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The Army continues to work closely with Capita with multiple interventions now in place and the delivery of improvements. Regular soldier applications remain at a five-year high with this year’s “Your Army needs you” advertising campaign seeing over 15,000 applications in January alone. It will take longer to see increases to trained strengths due to the length of the recruitment and training pipeline.
The Secretary of State has said he might re-examine the Capita contract in the next financial year, meaning we will have to wait another 12 months before any action is taken. All the while Capita is failing abysmally, with Army numbers falling year after year. Instead of endlessly kicking the can down the road, why do the Government not deal with the problem now: strip Capita of the contract and bring the service back in-house?
I answered that question earlier and, with respect to the hon. Lady, she clearly did not listen to the answer I just gave her. Applications are up; there is the start of a process. One of the confusions the House has is that we talk about trained strength, which is the number—93% manned in respect of the Army—but that is after a very long process of going through not only basic training but, for example, for Royal Engineers also combat engineer training and then trade training. So this can take up to 18 months from the first time somebody puts a uniform on and considers themselves to be part of the Army. Those in training do not go home and say “I’m not in the Army because I am not fully trade trained yet.” There are some 5,000 soldiers now in that process who are wearing a uniform but are not included in the numbers; in time they will join the Army and we are seeing that uplift. It is the time lag that this House is not fully understanding, but I understand why.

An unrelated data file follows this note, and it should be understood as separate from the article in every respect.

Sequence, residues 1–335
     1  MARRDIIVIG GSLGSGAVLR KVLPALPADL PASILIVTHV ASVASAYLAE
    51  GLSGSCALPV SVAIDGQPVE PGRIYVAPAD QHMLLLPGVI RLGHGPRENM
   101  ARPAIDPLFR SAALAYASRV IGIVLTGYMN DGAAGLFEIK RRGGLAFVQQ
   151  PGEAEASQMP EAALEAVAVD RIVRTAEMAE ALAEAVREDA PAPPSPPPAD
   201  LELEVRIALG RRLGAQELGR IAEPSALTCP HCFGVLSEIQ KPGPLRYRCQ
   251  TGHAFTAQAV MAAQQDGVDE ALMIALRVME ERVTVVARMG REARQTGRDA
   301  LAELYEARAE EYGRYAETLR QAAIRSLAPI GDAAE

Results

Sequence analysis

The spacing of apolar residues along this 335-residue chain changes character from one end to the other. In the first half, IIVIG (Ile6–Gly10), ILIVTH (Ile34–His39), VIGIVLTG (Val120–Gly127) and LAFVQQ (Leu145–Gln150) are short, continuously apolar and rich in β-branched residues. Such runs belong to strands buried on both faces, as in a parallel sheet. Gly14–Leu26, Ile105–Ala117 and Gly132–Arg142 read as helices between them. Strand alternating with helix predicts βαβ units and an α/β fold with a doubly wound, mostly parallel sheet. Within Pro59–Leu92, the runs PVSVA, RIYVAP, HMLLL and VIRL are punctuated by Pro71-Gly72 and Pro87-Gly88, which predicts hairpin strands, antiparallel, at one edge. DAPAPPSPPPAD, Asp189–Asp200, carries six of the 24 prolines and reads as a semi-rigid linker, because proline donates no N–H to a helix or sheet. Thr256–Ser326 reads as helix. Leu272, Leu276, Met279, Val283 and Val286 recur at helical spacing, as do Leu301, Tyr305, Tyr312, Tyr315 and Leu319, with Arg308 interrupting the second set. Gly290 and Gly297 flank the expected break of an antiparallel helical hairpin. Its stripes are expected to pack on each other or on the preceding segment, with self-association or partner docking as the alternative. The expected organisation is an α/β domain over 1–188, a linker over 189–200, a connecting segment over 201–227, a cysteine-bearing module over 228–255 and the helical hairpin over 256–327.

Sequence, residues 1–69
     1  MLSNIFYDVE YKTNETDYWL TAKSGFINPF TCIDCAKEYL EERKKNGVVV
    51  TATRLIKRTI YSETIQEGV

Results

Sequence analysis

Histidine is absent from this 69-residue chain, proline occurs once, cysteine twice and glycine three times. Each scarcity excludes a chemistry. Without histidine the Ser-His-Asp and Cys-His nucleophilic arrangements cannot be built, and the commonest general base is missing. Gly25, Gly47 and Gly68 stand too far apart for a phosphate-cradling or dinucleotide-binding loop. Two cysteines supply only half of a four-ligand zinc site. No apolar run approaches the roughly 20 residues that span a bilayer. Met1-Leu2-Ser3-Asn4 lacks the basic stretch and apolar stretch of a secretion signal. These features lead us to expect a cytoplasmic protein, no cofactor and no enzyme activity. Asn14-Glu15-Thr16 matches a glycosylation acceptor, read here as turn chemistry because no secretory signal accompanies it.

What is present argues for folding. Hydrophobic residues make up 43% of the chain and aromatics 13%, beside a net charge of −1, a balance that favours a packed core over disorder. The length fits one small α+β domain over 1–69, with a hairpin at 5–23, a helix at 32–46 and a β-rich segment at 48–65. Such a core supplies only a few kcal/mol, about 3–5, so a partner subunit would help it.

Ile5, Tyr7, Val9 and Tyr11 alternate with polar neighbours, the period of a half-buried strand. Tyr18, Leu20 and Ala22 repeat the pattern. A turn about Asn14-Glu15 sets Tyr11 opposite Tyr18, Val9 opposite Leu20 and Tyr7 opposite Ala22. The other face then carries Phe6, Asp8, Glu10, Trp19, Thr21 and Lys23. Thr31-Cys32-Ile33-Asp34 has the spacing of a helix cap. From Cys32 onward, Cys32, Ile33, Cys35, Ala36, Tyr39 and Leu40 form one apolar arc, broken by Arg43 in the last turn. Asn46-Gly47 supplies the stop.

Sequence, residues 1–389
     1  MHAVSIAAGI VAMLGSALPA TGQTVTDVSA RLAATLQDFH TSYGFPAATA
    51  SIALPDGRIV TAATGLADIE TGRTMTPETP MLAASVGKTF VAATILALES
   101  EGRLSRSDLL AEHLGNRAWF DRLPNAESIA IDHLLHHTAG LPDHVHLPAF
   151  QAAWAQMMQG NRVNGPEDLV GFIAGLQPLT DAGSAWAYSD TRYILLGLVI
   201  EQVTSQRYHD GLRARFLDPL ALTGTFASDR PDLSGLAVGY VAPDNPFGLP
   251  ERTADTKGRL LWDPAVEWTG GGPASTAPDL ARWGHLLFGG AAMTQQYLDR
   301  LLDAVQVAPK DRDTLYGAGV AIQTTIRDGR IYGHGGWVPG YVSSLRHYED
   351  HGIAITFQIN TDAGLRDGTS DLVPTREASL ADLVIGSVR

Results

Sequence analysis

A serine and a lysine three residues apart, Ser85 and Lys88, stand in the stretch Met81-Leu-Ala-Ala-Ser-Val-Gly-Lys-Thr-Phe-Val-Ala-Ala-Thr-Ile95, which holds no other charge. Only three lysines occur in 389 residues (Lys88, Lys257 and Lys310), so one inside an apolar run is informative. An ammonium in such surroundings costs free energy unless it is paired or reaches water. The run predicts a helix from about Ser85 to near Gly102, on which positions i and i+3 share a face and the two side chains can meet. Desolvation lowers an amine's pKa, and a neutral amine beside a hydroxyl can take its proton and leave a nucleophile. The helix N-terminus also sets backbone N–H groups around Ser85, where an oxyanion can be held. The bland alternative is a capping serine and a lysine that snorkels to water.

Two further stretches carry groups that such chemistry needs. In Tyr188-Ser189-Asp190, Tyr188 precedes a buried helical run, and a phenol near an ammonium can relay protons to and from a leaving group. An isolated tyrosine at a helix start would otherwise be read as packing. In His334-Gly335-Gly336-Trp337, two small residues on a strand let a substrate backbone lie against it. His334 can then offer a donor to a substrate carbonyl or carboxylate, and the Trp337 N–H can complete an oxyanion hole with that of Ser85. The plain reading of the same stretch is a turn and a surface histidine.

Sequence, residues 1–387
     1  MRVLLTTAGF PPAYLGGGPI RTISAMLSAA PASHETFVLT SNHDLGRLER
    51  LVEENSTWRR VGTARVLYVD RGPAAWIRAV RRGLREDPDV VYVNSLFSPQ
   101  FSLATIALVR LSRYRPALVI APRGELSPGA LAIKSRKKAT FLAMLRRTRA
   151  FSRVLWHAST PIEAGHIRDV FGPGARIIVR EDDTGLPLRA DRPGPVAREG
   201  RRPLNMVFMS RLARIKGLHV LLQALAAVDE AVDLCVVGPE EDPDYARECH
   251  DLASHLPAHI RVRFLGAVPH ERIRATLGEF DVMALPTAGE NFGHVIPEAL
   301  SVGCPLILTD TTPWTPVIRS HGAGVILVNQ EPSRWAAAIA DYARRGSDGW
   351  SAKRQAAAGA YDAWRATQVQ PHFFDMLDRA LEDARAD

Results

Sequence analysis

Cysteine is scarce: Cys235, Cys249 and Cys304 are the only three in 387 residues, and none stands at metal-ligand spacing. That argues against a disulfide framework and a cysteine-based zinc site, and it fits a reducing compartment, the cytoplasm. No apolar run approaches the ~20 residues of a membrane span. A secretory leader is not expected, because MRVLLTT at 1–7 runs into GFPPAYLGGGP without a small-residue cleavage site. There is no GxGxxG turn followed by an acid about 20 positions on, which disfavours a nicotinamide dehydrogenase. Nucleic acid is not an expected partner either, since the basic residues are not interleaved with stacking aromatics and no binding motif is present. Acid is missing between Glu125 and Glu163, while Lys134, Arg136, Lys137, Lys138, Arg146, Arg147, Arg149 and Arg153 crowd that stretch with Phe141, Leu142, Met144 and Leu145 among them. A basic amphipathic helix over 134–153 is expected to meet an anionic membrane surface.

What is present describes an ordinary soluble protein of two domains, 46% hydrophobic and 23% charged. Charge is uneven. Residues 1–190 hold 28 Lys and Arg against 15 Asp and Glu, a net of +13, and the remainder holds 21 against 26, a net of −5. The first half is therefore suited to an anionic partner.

In terms of the effectiveness of recruitment, my right hon. Friend will know that we recruit many armed forces servicemen and women from the Commonwealth, but is he aware of the Royal British Legion campaign to eliminate the current high costs of their applications for indefinite leave to remain, to which they are eligible after four years’ service? This can cost almost £10,000 for a family of four; does my right hon. Friend agree it is time that this issue was tackled in order that we recruit more from the Commonwealth?